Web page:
```
import pprint
LL= [ ('A123', 'A120', '2011-03'),
('A133', 'A123', '2011-03'),
('D123', 'D120', '2011-04'),
('D140', 'D123', '2011-04'),]
LL = [row+(i,) for i,row in enumerate(LL,1)]
pprint.pprint(LL)
```

yields

```
[('A123', 'A120', '2011-03', 1),
('A133', 'A123', '2011-03', 2),
('D123', 'D120', '2011-04', 3),
('D140', 'D123', '2011-04', 4)]
```

Here's a bit of explanation:

We start with `LL`

defined like this:

```
In [28]: LL
Out[28]:
[('A123', 'A120', '2011-03'),
('A133', 'A123', '2011-03'),
('D123', 'D120', '2011-04'),
('D140', 'D123', '2011-04')]
```

The first trick is to use enumerate:

```
In [30]: list(enumerate(LL))
Out[30]:
[(0, ('A123', 'A120', '2011-03')),
(1, ('A133', 'A123', '2011-03')),
(2, ('D123', 'D120', '2011-04')),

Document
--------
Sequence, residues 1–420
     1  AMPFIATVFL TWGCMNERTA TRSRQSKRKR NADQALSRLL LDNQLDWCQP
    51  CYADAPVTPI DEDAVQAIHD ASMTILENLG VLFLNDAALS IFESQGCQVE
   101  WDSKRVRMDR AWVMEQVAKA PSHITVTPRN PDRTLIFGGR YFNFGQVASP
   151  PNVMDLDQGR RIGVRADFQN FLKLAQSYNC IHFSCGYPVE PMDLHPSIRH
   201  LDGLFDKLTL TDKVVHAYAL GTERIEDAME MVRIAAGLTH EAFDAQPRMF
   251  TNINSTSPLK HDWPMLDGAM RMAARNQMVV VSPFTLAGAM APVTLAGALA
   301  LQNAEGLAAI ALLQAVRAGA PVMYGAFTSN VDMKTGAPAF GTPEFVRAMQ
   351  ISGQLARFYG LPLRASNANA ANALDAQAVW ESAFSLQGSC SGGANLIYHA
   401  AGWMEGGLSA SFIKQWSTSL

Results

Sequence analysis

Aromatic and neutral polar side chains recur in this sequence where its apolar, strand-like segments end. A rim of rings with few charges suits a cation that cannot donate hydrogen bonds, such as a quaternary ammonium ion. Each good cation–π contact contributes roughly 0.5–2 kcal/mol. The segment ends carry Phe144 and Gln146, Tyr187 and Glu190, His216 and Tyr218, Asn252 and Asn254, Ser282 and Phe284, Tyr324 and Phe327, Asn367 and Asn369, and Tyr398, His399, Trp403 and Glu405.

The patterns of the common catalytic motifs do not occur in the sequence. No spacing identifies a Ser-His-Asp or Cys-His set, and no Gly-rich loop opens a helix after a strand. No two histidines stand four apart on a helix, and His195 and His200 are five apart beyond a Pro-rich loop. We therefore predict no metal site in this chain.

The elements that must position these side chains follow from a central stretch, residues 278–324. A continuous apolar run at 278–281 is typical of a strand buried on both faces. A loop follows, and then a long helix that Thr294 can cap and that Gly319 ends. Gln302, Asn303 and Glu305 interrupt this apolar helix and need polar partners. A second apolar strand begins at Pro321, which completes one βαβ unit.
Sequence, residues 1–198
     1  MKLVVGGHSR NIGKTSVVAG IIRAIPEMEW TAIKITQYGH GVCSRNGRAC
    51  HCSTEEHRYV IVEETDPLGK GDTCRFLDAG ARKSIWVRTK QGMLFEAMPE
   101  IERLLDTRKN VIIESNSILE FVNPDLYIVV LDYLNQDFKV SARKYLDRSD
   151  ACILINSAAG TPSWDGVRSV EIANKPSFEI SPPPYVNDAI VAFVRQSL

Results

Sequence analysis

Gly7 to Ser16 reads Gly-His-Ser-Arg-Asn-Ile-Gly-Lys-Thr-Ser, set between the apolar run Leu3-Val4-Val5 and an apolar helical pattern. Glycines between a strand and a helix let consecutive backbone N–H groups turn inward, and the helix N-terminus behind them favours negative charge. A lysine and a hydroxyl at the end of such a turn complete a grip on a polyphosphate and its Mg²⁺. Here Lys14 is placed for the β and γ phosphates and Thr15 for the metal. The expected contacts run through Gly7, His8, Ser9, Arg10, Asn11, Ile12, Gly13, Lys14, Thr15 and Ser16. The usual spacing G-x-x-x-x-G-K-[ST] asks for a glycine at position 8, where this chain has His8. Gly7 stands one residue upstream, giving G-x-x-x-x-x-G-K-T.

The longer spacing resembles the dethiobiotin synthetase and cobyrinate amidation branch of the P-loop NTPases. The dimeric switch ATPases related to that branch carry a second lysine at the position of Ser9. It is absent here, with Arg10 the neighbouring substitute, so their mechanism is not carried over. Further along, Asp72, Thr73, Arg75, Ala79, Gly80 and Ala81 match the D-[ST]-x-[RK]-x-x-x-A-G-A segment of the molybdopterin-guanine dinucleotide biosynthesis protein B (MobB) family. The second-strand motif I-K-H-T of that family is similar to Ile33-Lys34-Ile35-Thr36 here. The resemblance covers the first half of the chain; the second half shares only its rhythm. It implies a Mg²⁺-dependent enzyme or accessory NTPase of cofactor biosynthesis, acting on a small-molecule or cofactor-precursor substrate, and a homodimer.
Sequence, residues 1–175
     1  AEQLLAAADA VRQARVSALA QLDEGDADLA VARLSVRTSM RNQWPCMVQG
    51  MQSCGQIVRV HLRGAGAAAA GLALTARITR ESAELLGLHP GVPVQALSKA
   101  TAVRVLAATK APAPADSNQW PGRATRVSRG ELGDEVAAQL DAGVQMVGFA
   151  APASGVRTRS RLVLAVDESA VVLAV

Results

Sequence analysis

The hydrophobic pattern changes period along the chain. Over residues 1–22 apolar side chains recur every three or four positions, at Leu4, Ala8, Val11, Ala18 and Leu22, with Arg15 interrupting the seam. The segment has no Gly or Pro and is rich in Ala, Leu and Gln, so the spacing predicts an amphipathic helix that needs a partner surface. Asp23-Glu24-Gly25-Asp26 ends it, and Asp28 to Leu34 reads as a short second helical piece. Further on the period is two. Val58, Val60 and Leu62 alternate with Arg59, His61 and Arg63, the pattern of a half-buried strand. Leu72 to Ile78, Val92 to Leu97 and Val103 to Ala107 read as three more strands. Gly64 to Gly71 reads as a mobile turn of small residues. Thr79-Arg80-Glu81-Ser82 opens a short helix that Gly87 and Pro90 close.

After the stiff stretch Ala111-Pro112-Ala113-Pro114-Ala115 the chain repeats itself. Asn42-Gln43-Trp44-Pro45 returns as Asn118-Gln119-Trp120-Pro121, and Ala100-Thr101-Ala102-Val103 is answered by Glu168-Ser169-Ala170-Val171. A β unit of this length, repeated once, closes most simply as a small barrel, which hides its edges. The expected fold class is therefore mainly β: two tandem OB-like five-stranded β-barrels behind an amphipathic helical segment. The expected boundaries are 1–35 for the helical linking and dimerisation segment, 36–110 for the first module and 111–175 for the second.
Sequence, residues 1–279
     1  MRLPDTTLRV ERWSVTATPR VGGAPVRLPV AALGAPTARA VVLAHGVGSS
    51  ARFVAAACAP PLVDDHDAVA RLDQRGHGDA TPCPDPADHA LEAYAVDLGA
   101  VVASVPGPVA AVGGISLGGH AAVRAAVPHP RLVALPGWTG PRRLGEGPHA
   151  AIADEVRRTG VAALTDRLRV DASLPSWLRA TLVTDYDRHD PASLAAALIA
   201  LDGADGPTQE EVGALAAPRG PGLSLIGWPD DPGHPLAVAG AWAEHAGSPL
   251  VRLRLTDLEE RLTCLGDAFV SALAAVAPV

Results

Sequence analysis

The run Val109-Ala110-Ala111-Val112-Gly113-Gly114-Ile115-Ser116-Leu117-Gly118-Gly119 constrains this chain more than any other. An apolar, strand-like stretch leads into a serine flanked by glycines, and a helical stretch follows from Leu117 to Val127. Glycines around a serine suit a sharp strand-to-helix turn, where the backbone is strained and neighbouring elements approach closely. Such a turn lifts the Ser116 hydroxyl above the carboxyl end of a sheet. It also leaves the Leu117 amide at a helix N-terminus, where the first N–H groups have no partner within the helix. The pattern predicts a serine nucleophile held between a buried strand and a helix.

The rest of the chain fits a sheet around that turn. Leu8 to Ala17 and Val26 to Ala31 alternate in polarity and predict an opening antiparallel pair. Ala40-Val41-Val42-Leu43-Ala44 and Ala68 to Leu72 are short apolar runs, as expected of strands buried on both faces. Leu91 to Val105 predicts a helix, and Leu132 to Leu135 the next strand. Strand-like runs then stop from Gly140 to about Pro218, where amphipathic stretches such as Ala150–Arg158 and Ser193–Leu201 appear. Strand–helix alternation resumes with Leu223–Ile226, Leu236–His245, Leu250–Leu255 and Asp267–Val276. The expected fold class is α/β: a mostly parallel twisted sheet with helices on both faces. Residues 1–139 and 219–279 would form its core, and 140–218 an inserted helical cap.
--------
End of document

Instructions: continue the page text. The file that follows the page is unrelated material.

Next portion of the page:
(3, ('D140', 'D123', '2011-04'))]
```

which is close to what you want, except that the "rank" starts counting at 0, and is placed in front of the row instead of at the end. We can tell `enumerate`

to start counting with 1, using `enumerate(LL,1)`

, and we can place the rank at the end of the row using a list comprehension:

```
In [31]: [row+(i,) for i,row in enumerate(LL,1)]
Out[31]:
[('A123', 'A120', '2011-03', 1),
('A133', 'A123', '2011-03', 2),
('D123', 'D120', '2011-04', 3),
('D140', 'D123', '2011-04', 4)]
```

In the list comprehension, `row`

is a tuple like `('A123', 'A120', '2011-03')`

,
and `row+(i,)`

is a sum of tuples:

```
In [32]: ('A123', 'A120', '2011-03')+(1,)
Out[32]: ('A123', 'A120', '2011-03', 1)
```

This is how each row of the list comprehension is constructed.